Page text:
We’ve reviewed several different types of off-grid cooking devices previously–you can cook using just solar energy with the All American Sun Oven, or you could cook inside with just candles on the HERC Oven. However, since we do a lot of dutch oven cooking, our preferred method is still outdoors over some kind of open flame.
There are loads of sites on the internet offering instructions on building rocket stoves, and I’ve been interested in them for a while, but just never got around to building one. I’ve seen their potential–the Kelly Kettle is basically a miniature rocket stove, and it produces a tremendous amount of flame in a short time with just a handful of tiny twigs. So when Titan Ready USA (makers of the HERC-XXL Oven, which we love) offered us a Helius Rocket Stove to review, I was ready to get my flame on!
What is a rocket stove?
It’s a highly efficient wood-burning cooking stove, designed to burn small pieces of wood. There are many different designs, but they all have similar components:
- Fuel magazine: A horizontal shelf that small pieces of wood (fuel) are fed into.
- Combustion chamber: The area at the end of the fuel magazine, where just the tips of the wood burn.
- Chimney: A vertical chimney above the combustion chamber directs the heat upwards.
Air is drawn through the fuel magazine, into the combustion chamber, and up the chimney (since hot air rises…), which makes the rocket stove operate almost twice as efficiently as an open fire. The majority of the heat is directed straight up to whatever is being cooked, as opposed to being radiated out in all directions like an open fire would.
The Helius Rocket Stove
The main body of the Helius is a 6″ industrial Schedule 20 pipe, with a high-temperature woodstove coating that will withstand up to 2200 degrees. It sits on 4 adjustable steel legs, allowing you to adjust the height of the cooking surface from 21″ to 31″. The stove weighs in at a whopping 30 pounds, so this is not something you’d take on a backpacking trip, but it’s also not something that’s going to be affected by windy conditions either!
The Helius has three large pipes welded to the top of the chimney to provide a larger cooking surface, as well as provide additional airflow. If you just set a large cooking pot directly on top of the main chimney, you’d end up almost smothering the fire.
At the bottom (where the combustion chamber is) there is a quick-release ash drop.
By moving a “cool touch” handle you can empty the combustion chamber of the accumulated ash while continuing to cook.
To start, I put a couple pieces of newspaper inside, and dropped in a handful of 1/4″ wide twigs.
Here you can see what I’ll be lighting.
With just a single match, I had roaring flames going within minutes.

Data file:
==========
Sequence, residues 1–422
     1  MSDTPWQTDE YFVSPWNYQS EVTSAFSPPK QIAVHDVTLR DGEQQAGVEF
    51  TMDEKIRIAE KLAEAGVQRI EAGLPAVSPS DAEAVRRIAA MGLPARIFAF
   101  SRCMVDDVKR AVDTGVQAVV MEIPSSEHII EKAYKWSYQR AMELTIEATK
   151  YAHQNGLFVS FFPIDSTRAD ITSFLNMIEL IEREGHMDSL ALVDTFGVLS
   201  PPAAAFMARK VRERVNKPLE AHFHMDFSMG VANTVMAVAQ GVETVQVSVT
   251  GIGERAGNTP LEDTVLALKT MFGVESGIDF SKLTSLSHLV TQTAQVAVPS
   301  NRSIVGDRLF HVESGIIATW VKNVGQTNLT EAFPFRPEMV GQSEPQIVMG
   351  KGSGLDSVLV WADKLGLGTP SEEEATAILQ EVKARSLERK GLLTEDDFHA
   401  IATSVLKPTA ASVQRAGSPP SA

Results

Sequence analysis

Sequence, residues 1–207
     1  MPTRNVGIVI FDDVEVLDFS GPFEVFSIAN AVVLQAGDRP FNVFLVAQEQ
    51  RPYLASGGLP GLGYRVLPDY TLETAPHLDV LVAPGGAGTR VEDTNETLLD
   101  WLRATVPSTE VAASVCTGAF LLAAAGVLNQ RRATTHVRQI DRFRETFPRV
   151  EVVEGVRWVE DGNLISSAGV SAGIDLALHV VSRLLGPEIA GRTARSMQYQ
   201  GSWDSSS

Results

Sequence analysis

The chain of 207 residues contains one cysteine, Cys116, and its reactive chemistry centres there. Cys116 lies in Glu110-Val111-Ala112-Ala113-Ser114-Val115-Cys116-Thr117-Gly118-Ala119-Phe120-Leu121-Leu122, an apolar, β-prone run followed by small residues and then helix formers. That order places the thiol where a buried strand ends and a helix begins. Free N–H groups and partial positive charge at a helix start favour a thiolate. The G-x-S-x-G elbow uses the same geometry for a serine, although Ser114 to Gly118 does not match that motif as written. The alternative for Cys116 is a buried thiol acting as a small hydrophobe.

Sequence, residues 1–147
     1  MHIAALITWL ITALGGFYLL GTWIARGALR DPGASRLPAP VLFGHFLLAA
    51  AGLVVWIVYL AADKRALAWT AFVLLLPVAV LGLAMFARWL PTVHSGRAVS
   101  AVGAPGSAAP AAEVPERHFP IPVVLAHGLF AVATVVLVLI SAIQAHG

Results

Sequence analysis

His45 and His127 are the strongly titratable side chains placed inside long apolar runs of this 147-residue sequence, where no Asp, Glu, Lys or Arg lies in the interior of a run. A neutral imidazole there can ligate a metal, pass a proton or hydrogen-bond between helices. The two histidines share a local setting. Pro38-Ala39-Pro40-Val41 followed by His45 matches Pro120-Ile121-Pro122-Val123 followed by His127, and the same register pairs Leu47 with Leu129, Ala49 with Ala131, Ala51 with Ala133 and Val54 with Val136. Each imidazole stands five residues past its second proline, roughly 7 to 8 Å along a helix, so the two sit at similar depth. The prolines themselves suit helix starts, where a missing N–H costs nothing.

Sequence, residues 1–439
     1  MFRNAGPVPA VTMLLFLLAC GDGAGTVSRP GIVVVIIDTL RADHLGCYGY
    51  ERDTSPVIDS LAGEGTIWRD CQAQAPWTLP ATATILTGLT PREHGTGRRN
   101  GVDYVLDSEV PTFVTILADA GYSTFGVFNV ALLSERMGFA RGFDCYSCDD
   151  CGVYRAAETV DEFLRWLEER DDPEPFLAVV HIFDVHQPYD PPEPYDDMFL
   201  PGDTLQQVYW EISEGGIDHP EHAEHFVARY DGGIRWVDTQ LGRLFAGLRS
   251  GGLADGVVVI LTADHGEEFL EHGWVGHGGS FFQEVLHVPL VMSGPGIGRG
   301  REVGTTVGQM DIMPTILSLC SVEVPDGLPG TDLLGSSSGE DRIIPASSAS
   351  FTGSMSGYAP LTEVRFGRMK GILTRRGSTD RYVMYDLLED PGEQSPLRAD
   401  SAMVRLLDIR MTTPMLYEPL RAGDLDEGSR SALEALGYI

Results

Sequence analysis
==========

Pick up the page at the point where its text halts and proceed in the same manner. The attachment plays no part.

Next I started adding the larger piece of fuel into the fuel magazine. Rocket stoves are designed to burn smaller pieces of wood more efficiently, so you’ll only be using pieces that are about 1/2″ to 1″ in diameter. Only the tips of the wood burn, so as they burn you push the wood further into the fuel magazine.
The fire stays contained in the combustion chamber; the parts of the wood still in the fuel magazine are not on fire yet.
Air is drawn into the fuel magazine and up the chimney, so the outer edge of the magazine is still relatively cool. You can easily reach down to push your fuel deeper inside (but don’t actually get your hand inside the magazine – you could still get hit by sparks or a piece of wood shifting).
As you can see, with just a few small pieces of wood I had flames reaching a foot or more above the cooking surface. I don’t know what temperatures were being reached at the top, but I’m going to go with “really hot!”.
After a while I let the flames die down, and only had one or two pieces of wood in the fuel magazine at a time. The Helius rocket stove is sturdy enough to hold our largest, heaviest dutch oven, and with the wide, thick legs I wasn’t worried about it wobbling or tipping.
If you’ve been running the stove for a while, eventually the ash is going to build up inside the combustion chamber – after all, it’s only 6″ across. As I mentioned before, you are able to empty the combustion chamber while the stove is burning, allowing you to continue cooking non-stop. You need to be sure you have some longer pieces still in the fuel magazine that will stay burning, because obviously when you open the bottom, everything is going to drop out. And what drops out is going to be hot (or even still on fire), so be sure you’re emptying it onto a safe surface.
So did we like the Helius Rocket Stove? Yes! It elevates whatever you’re cooking off the ground, allowing you cook without bending over. I was able to burn just about anything from wood scraps to dry yard waste, with very little residue and almost no smoke. And it burned hot enough that I could see using a pressure canner, or maybe even a deep frier. Obviously the Helius is more expensive than a rocket stove made at home from a couple of tin cans, but it’s going to last years (decades?) longer, burn much hotter, and handle much larger cooking pots.
The Helius Rocket Stove is available from Titan Ready USA.